January 19, 2019

Guernica Magazine

CONTESTED TERRITORY – Jina Moore interviews Rebecca Hamilton

On July 9, southern Sudan is scheduled to become the world’s newest country. Rebecca Hamilton discusses the impact of this change on the rest of the region.

Last September, Rebecca Hamilton was finishing a street interview in Khartoum, Sudan, when she saw the local police rounding up a group of women. The police accused the women of brewing a local beer, illegal in the Sharia state, and carted them away. Belatedly, they noticed the white foreigner watching them. One of the men in the crowd she had been talking to “suggested I call my president in Washington to tell him I had been arrested,” she wrote later in The Atlantic.

Sure enough, Hamilton spent the next six hours detained in two different unmarked buildings, answering questions about her reporting trips to Darfur and her upcoming book. She was finally released late in the evening, along with the request that she promise never to speak to a southern Sudanese without a state security agent chaperone.

Since then, Hamilton has not been able to get a visa for northern Sudan—soon to be a separate country. The coming split is the final chapter in what was Africa’s longest-running civil war. For twenty-one years, southern liberation fighters battled for independence. It was a war seemingly about everything, including economic neglect and political disenfranchisement, a pattern that originated under the British colonial administration and that a weak and nervous new Islamic government, in the 1980s, perpetuated. Ultimately, the north-south civil war—like so much violence across Sudan—was about identity. “Strikingly consistent across all of the battles in Sudan’s history has been a fundamental conflict over what are and what are not seen as legitimate aspects of Sudanese identity,” Hamilton writes in her book, Fighting for Darfur.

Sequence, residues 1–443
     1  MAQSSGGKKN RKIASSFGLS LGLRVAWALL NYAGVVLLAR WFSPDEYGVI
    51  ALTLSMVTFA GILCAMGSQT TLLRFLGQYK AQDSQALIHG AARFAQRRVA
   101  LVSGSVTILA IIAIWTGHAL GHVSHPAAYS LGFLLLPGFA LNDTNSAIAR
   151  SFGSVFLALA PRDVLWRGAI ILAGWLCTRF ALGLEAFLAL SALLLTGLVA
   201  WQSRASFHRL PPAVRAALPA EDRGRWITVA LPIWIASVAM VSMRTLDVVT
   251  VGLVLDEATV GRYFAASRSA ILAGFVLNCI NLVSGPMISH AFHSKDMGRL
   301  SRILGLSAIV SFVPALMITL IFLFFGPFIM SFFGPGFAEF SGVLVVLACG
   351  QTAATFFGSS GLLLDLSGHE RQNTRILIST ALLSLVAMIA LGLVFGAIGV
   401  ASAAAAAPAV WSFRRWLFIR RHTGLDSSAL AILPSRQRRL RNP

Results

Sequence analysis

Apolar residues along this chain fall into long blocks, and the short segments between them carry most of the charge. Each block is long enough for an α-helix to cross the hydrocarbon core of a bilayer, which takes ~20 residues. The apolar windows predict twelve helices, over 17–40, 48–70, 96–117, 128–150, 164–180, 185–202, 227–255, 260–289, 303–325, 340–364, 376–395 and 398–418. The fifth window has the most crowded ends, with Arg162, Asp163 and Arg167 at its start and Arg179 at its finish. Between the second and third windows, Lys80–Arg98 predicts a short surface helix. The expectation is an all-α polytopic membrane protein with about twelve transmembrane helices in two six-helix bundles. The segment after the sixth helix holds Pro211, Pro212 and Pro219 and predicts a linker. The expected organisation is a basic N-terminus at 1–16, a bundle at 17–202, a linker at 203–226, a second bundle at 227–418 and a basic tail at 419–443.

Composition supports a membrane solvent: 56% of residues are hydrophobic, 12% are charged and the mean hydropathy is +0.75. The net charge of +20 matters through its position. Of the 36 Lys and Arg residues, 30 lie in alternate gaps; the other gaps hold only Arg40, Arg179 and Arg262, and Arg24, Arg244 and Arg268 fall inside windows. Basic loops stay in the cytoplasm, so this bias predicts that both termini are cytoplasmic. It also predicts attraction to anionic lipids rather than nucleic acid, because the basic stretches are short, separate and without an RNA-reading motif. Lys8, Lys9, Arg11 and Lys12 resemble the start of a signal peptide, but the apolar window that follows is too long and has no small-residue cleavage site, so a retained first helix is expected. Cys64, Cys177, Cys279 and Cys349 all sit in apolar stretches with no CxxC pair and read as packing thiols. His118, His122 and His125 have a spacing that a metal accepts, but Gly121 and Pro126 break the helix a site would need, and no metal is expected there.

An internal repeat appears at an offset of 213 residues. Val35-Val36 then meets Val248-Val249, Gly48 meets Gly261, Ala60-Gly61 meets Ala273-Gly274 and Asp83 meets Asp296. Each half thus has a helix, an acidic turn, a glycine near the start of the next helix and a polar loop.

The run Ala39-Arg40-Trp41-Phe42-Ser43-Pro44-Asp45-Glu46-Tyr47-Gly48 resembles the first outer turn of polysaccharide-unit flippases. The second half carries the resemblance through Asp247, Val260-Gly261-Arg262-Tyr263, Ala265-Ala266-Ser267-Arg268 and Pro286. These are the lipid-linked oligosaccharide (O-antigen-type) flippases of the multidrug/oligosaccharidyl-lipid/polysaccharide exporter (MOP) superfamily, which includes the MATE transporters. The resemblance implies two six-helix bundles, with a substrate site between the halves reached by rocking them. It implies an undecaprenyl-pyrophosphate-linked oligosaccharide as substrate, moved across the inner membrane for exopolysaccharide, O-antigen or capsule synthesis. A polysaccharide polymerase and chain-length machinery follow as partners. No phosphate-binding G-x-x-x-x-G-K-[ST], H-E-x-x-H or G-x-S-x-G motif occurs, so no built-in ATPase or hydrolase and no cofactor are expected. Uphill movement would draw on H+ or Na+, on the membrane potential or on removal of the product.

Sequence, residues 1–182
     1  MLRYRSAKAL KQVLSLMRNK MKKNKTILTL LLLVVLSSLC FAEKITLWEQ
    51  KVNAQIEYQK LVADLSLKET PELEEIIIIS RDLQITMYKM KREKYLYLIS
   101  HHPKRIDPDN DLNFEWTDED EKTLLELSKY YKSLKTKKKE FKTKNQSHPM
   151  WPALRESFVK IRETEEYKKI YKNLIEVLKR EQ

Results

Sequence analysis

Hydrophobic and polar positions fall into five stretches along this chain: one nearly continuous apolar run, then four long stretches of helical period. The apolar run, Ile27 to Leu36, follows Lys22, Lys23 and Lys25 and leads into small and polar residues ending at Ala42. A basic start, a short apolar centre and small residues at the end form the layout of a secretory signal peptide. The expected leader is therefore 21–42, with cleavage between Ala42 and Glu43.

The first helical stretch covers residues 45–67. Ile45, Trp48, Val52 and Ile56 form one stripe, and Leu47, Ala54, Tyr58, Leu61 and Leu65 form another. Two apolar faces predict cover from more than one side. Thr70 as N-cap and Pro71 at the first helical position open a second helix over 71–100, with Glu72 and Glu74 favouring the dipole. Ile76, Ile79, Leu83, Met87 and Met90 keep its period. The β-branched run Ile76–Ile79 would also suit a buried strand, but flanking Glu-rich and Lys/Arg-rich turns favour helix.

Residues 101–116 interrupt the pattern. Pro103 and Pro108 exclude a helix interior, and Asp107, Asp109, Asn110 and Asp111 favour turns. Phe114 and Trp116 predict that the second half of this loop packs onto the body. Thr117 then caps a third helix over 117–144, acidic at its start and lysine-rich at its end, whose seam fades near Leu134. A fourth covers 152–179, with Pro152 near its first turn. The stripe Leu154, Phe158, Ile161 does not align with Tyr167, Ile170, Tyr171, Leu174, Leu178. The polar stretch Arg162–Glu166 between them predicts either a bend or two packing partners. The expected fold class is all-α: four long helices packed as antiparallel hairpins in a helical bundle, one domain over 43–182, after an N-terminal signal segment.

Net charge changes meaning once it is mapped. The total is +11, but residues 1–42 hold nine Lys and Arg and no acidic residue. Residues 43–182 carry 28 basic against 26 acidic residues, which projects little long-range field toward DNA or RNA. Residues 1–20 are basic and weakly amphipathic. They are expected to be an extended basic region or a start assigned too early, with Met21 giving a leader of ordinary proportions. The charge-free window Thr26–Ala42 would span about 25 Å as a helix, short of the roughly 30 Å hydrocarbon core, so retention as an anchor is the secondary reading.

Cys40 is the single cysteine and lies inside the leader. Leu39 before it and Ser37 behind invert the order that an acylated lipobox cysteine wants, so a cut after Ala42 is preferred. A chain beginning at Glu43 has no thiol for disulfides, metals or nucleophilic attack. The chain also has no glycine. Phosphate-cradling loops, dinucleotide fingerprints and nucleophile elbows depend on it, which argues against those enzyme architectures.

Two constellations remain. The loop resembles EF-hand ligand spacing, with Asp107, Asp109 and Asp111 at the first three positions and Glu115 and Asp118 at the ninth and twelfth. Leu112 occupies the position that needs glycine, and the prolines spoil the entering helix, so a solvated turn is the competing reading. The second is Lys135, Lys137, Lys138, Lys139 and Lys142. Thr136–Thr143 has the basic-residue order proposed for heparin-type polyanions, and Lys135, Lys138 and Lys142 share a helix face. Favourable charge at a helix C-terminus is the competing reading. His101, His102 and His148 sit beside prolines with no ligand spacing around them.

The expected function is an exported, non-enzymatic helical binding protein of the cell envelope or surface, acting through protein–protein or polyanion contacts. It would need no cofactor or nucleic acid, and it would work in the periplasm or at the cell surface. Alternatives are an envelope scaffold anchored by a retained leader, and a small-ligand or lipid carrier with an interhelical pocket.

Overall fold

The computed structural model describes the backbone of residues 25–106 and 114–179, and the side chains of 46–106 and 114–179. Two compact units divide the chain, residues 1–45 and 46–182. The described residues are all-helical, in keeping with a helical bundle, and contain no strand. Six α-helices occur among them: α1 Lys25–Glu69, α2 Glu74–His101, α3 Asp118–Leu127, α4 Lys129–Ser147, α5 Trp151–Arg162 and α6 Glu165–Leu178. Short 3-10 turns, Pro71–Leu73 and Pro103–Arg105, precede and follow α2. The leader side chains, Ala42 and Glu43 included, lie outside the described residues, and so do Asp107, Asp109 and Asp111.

It was Darfur, in fact, that captured international attention, thanks in part to an advocacy movement that is the subject of Hamilton’s book and in which she played a part. As a student at Harvard Law School, Hamilton co-founded the Harvard Divestment Movement in 2004, leading the university with the richest endowment in America to pull its investments in companies making profits from Sudan. The successful campaign catalyzed divestment movements across the country.

Hamilton, meanwhile, moved on to The Hague, where she worked after law school as a special assistant to the prosecutor of the International Criminal Court. The court has indicted six Sudanese for war crimes, including the country’s president, Omar al-Bashir. In 2008, Bashir became the first sitting head of state to be indicted for genocide. Hamilton left the court to write Fighting for Darfur.

Last year, Hamilton took several trips to Sudan, where she covered the referendum as a Washington Post special correspondent, with support from the Pulitzer Center on Crisis Reporting.

This interview was conducted on June 17 in New York, following Hamilton’s most recent trip to the contested territory on the border between north and south Sudan. —Jina Moore for Guernica

Click here to read the interview.

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